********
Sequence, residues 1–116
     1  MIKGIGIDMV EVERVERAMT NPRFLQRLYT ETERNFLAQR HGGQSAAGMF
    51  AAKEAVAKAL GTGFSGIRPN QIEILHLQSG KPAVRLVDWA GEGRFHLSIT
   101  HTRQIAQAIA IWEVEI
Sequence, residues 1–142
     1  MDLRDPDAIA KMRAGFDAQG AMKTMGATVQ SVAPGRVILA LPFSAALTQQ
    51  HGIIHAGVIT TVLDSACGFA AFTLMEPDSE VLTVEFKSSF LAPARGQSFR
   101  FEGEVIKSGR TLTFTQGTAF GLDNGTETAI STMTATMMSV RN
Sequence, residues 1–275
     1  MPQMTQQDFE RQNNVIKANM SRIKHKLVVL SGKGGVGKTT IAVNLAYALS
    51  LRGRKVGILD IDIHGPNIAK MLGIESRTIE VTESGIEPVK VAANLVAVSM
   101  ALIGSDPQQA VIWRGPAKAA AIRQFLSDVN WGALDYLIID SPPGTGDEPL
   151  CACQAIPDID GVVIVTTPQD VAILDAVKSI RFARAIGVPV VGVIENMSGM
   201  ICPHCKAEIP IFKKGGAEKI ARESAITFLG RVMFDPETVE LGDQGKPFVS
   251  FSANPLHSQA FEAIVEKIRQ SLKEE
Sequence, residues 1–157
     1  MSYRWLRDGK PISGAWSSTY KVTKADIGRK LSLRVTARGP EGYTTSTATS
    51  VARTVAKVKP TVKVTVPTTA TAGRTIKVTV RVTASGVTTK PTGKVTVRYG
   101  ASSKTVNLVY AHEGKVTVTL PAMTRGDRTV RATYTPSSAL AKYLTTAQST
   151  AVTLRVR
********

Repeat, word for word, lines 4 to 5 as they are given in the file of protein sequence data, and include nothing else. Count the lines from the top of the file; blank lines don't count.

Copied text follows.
   101  HTRQIAQAIA IWEVEI
Sequence, residues 1–142